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Downward-Facing Dog energises and rejuvenates the entire body. It deeply stretches your hamstrings, shoulders, calves, arches, hands, and spine while building strength in your arms, shoulders, and legs. Because your heart is higher than your head in this pose, it is considered a mild inversion (less strenuous than other inversions, such as Headstand) and holds all the benefits of inversions: Relief from headaches, insomnia, fatigue, and mild depression. The flow of blood to the brain also calms the nervous system, improves memory and concentration, and relieves stress.


Practising Downward Dog will warm, strengthen, and stretch the entire body. You can use it as a transitional pose (between other poses), or as a full-body stretch on its own. Try a few rounds of Downward Dog during your day to increase blood flow and energy while calming your mind! You may find the benefits extend to all areas of your life, even off the mat.


Cautions

Do not practice Downward-Facing Dog if you have severe carpal tunnel syndrome or are in late-term pregnancy. It should also be avoided by those with injury to the back, arms, or shoulders; and by those with high blood pressure, eye or inner ear infections. Always work within your own range of limits and abilities. If you have any medical concerns, talk with your doctor before practising yoga.


Get in touch if you are interested in trying yoga or wish to improve your postures and alignment.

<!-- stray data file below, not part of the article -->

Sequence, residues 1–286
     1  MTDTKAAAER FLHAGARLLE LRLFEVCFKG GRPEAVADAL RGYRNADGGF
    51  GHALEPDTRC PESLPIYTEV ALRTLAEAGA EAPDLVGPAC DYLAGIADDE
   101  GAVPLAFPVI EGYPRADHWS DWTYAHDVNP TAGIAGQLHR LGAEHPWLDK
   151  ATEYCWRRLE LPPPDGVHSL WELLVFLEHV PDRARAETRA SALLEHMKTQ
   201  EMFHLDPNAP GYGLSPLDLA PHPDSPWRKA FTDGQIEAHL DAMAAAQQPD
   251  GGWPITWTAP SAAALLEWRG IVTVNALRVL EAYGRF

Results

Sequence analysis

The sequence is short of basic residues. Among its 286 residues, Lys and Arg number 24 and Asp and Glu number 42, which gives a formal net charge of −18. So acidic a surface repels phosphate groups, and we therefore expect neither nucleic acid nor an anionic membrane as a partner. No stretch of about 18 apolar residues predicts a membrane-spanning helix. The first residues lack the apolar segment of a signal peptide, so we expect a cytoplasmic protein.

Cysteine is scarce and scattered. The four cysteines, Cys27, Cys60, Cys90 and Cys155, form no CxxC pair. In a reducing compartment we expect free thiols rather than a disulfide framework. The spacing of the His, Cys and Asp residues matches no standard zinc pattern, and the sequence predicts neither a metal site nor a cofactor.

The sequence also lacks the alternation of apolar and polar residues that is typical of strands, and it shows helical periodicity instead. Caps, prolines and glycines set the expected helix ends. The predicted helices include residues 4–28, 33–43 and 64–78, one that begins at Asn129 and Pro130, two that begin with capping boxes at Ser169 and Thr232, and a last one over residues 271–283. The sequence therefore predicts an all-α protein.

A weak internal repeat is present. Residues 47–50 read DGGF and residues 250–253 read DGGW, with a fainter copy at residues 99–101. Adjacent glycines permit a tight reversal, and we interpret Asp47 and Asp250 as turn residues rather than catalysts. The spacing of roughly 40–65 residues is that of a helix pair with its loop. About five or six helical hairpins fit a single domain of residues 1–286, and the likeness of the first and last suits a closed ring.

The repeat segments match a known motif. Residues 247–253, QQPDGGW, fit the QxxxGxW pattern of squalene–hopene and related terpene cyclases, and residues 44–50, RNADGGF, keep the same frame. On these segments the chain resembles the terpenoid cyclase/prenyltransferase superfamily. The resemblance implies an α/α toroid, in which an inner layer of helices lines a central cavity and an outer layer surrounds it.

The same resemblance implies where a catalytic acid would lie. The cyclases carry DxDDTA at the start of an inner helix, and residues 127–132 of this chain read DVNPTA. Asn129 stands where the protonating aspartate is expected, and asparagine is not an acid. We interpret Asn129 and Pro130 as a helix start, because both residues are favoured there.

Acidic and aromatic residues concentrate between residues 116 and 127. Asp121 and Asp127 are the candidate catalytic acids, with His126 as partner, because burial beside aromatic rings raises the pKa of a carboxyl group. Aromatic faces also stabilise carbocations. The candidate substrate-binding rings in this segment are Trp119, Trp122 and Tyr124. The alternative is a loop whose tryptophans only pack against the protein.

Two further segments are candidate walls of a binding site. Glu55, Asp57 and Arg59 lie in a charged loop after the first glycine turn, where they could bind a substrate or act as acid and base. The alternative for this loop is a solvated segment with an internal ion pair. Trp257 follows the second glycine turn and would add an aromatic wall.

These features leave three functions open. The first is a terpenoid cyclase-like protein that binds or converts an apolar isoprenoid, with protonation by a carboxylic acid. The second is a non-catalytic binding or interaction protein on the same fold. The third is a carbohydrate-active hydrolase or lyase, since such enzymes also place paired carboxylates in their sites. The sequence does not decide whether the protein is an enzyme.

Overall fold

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If you are of an age, like me, you may recall those little toys that have a figure on the top of a plastic base. The base had a spring that when the underneath of the base was pushed caused the figure atop to collapse, when released, the figure would become straight and upright.



I often use this figure to compare functional movement when I teach my yoga classes, let me clarify.

Pilates and yoga teach us that we need to have a strong core to move safely and with stability, avoiding injury, moving without dysfunction i.e functional movement.

When we move through the sequences in the yoga I teach we learn to engage the core, exhale recruit more engagement and then load the body with movement. This act will stabilise the spine ensuring safe controlled movement, we actually glide through space rather than launch into the movement and land. Couple this process with regulation of the breath and it becomes an all engaging mindful activity.

We are never really taught how to move, it is instinctive although through developing these techniques and awareness, the brain and nervous systems over time will create new neural connections, build more muscle fibre and improve overall integrity of movement. This is clearly evident when you see an experience yogi moving through the practice.

This will also benefit anyone away from the yoga mat. Ever wondered why the back may ache the next day after a day spent in the garden? Most likely that we have put the lower spine under stress and the dysfunctional movement therein has traumatised the deep muscles and connective tissue. I noticed myself that with conscious engagement of my core when carrying out any such physical activity really pays off the next day.